A proposed name change for Hawke's Bay's airport remains up in the air after Hastings District Council yesterday failed to either support or oppose a move to rename it Ahuriri Airport Hawke's Bay.

Instead the council, which owns 24 per cent of the airport, voted narrowly in favour of a motion to support a similar but different name change - to Hawke's Bay Airport Ahuriri.

The company that runs the airport, Hawke's Bay Airport Limited, was approached last year by Treaty of Waitangi claimant group Mana Ahuriri seeking the change of name to Ahuriri Airport Hawke's Bay.

The airport company's board was supportive of the change but has sought approval from its two local shareholders - Hastings District Council and Napier City Council, which holds a 26 per cent stake.


Napier councillors voted to support the change last month.

But following yesterday's Hastings District Council decision, airport company chairman Tony Porter said his board was not left with a clear mandate and would need to discuss what to do next.

The Crown owns the other 50 per cent of shares in the local airport and Mr Porter said State Owned Enterprises Minister Todd McClay had told him it had "no objection" to the proposed name change.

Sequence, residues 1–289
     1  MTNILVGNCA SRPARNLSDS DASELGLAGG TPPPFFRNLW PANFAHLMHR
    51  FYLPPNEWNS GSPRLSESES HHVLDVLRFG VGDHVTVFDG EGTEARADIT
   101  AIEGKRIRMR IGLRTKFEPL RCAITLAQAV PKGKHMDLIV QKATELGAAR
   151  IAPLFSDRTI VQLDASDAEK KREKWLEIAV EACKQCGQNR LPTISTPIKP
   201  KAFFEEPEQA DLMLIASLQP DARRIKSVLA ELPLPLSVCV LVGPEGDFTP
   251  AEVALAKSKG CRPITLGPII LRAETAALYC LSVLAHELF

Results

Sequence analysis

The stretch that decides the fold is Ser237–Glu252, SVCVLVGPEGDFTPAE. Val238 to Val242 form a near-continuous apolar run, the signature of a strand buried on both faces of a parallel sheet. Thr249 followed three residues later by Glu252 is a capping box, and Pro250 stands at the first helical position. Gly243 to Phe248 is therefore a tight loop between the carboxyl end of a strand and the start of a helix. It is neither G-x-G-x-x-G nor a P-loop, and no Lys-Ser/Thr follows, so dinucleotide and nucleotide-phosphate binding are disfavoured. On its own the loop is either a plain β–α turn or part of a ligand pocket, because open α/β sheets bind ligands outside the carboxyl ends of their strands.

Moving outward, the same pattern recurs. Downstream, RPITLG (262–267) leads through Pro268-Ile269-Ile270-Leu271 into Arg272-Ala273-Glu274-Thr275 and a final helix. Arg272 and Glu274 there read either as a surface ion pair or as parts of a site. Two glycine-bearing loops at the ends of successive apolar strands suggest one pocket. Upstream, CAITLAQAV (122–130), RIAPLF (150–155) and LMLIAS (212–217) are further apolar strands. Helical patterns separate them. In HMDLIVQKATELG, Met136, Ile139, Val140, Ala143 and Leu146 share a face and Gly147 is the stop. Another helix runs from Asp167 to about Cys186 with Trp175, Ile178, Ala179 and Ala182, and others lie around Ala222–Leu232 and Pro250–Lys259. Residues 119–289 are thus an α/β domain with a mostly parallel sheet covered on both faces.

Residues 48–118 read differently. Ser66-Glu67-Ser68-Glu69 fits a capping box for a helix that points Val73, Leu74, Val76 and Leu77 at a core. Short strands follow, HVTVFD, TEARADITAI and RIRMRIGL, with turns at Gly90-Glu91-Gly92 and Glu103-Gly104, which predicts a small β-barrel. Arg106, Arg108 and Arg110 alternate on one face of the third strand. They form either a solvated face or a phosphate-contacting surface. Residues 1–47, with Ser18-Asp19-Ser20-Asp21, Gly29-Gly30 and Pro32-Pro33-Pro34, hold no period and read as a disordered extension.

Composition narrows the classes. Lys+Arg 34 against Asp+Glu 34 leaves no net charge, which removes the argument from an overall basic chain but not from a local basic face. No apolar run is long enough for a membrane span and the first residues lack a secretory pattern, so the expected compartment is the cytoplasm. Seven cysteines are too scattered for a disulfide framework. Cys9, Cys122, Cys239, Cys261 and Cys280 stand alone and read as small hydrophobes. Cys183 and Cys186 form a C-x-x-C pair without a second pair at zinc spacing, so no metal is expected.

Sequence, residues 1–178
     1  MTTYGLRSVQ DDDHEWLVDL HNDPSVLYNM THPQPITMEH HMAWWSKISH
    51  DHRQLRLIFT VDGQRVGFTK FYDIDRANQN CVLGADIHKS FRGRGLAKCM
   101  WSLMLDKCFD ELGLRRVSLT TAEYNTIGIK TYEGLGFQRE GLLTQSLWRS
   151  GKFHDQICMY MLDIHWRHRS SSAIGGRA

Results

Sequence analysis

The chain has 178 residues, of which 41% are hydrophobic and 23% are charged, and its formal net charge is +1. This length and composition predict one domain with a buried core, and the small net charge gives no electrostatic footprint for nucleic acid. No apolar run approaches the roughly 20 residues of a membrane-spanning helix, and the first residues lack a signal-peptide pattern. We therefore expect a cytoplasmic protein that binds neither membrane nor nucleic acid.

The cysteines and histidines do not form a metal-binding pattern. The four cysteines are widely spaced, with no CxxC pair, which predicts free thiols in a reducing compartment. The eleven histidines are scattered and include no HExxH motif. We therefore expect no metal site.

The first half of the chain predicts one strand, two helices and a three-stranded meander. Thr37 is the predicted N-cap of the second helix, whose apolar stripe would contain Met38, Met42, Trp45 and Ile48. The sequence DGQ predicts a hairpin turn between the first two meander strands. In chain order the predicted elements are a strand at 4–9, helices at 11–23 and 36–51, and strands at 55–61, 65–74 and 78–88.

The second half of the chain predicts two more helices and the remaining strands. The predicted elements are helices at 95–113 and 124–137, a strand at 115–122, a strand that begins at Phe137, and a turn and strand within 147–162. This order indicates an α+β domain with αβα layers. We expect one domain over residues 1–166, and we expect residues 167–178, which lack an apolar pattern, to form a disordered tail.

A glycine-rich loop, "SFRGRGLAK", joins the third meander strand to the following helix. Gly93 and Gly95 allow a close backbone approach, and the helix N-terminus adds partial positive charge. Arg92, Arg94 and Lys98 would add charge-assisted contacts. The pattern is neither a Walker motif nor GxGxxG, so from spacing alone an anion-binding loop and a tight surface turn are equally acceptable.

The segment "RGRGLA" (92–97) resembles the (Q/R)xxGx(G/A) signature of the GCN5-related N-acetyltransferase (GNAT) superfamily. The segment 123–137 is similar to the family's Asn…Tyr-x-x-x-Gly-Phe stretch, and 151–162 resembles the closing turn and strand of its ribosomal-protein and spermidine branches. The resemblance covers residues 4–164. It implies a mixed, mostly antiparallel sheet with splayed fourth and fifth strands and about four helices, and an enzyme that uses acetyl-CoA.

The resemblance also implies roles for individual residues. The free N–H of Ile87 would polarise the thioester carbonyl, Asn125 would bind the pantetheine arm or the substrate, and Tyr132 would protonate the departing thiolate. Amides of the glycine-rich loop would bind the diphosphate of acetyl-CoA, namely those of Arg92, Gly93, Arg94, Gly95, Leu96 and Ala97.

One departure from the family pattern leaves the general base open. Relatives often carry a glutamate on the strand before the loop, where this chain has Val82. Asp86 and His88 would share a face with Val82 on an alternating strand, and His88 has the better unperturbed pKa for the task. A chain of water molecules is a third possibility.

Mr Porter said given the Crown's neutral position, he was seeking support from the two councils, and was disappointed by the resolution passed by Hastings District Council because it did not address the question his board had asked.

"This vote clouds the issue so I will have to go back to my board and we will have to work out a way forward," he said.

The Hastings councillors voted 8-6 in favour of supporting the Hawke's Bay Airport Ahuriri name, which is not favoured by Mana Ahuriri.

Hastings Mayor Lawrence Yule said public feedback suggested the region's residents did not support "Ahuriri" going in front of "Hawke's Bay" if the airport's name was changed.

That view was echoed by several councillors who said the proposed name would be confusing for travellers.


But councillor Henare O'Keefe said the Ahuriri name was "our point of difference," and the council would "not be sorry" if it supported the Mana Ahuriri proposal.

"Your children, your children's children will grow to love it," he said.

Mr Porter said the airport board was likely to begin discussing its next move when it met for a scheduled meeting on Tuesday.

However, with plans for the name changed to be put in place to coincide with a multi-million upgrade of the airport terminal - which was not due to be completed before late next year at he earliest - there was no urgency for the issue to be resolved.